Informal Settlements

In an effort to tap into new users, companies like Google and Microsoft are racing to map the winding, informal streets of Brazil's slums in Rio de Janeiro.
Sep 25, 2014   The Wall Street Journal
Evelio Contreras and Philip Kennicott film the Occupy movement transforming MacPherson Square into an urban hub, in one of Washington's central nodal points.
Nov 11, 2011   The Washington Post
A new exhibition curated by the Cooper-Hewitt in New York illustrates how the design community is trying to reshape itself as more collaborative than 'pedagogic or paternalistic.'
Oct 14, 2011   The Atlantic
Informal settlements - unregulated, makeshift housing - create substantial safety and health risks in Latin American countries. While clearing of settlements is not a solution, letting them be is not an option. Gregory K. Ingram suggests that regularizing programs combined with upgrading assistance can be effective means of improving conditions. Exclusive
Jun 20, 2011  By Gregory K. Ingram
Informal settlements like slums and favelas have been perplexing governments in Latin America for decades. A new report looks at two of the ways governments are addressing these areas, and the challenges that remain.
Jun 1, 2011   Citiwire
The population of India's slums is expected to rise close to 100 million in 2011.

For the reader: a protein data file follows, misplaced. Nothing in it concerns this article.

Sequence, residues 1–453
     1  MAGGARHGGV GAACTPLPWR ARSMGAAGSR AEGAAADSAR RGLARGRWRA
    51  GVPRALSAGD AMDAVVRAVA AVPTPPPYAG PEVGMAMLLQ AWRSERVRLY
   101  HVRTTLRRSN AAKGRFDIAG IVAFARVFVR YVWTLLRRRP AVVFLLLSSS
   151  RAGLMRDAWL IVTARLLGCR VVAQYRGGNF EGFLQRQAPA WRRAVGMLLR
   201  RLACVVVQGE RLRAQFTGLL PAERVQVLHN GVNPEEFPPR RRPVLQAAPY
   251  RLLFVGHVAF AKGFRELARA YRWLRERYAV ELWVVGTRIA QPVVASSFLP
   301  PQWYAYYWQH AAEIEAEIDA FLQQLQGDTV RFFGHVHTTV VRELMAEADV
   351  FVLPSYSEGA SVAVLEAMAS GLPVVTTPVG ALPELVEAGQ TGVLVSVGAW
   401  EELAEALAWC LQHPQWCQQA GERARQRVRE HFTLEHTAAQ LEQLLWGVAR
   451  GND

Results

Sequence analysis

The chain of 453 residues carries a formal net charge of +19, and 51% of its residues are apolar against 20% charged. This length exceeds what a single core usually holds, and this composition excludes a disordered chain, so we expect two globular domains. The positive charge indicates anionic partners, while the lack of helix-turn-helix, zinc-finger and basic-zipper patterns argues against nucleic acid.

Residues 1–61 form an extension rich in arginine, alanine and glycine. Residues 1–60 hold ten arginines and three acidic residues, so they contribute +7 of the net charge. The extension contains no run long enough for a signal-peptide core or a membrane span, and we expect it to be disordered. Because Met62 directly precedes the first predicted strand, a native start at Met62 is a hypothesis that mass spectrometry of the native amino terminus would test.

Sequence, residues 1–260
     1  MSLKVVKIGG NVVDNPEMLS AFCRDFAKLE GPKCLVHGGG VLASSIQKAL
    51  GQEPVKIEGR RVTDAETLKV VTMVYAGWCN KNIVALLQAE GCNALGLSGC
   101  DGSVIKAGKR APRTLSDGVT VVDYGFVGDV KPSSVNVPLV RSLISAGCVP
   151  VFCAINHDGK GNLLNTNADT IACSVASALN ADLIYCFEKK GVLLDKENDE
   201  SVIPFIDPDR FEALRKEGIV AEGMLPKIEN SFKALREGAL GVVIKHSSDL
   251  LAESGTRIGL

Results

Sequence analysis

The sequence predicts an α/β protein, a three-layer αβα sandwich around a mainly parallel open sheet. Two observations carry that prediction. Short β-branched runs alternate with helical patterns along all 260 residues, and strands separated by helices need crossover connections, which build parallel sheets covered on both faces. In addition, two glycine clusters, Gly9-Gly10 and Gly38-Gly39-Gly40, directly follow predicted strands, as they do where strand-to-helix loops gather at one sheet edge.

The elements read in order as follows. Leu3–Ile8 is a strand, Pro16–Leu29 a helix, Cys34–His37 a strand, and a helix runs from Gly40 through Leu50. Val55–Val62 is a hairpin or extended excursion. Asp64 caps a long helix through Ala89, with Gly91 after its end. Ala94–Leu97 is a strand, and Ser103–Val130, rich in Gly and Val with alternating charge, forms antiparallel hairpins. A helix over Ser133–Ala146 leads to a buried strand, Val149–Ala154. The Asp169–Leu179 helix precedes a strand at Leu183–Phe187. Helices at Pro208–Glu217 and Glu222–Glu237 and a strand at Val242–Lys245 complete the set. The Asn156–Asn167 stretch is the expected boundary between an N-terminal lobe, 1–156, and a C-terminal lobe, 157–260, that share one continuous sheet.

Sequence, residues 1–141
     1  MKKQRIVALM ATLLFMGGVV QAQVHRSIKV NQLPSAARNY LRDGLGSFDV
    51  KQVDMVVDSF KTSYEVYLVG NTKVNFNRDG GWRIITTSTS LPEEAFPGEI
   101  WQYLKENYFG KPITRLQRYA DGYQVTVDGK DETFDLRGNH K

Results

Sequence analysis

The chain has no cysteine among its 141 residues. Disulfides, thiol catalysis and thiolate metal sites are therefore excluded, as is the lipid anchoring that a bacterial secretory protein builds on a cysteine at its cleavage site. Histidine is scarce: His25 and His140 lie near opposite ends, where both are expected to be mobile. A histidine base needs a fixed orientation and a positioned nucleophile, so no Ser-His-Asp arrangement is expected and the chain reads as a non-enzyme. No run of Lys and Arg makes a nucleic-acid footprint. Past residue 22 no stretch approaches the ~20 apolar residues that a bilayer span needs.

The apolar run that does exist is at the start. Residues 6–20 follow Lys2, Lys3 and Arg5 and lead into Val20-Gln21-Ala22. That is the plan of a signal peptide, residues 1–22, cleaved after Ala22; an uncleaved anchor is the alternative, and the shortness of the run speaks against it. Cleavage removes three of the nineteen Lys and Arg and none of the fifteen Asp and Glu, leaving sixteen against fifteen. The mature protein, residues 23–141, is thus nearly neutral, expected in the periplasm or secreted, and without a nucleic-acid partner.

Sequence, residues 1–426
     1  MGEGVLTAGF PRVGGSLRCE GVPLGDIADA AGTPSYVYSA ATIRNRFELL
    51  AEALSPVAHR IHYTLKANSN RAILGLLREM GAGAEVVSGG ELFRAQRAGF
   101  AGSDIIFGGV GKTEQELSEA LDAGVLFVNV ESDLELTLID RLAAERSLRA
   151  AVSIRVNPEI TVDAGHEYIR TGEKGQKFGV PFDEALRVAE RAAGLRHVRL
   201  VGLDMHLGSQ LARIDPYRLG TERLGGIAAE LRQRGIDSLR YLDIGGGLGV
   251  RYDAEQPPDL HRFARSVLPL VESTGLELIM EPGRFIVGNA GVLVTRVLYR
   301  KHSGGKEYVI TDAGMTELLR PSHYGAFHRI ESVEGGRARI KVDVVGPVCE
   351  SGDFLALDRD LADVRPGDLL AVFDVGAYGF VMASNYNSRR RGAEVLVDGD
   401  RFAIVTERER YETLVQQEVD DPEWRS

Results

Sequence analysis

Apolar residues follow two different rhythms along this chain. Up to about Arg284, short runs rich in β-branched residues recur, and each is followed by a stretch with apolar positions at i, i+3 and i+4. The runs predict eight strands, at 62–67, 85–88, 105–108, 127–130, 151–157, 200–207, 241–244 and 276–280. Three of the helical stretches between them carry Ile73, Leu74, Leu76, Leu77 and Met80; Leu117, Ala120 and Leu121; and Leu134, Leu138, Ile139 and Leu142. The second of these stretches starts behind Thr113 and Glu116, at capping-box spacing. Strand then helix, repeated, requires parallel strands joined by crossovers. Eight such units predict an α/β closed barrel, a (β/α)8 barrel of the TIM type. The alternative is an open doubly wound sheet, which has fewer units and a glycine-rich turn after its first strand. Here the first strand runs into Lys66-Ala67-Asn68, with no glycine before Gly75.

Sep 16, 2010   Tiny Green Bubble
In this paper, Gustavo Rivera Jr. (Ph. D. candidate in the Department of Anthropology at the University of Chicago) evaluates the economic and sociocultural impact of recently developed public housing estates within the favelas of Belo Horizonte.
Jan 18, 2010   The Urban Reinventors Online Urban Journal
Luanda, Angola has brushed past Tokyo and London to be the world's most expensive city, and slums cover much of the city's prime real estate.
Sep 10, 2008   The Globe and Mail
<p>This article from the <em>Harvard Design Magazine</em> looks at slums in Latin America and discusses the important role they play in their cities. Preserving the positive qualities of these communities is increasingly preferred over slum clearance.</p>
May 19, 2008   Harvard Design Magazine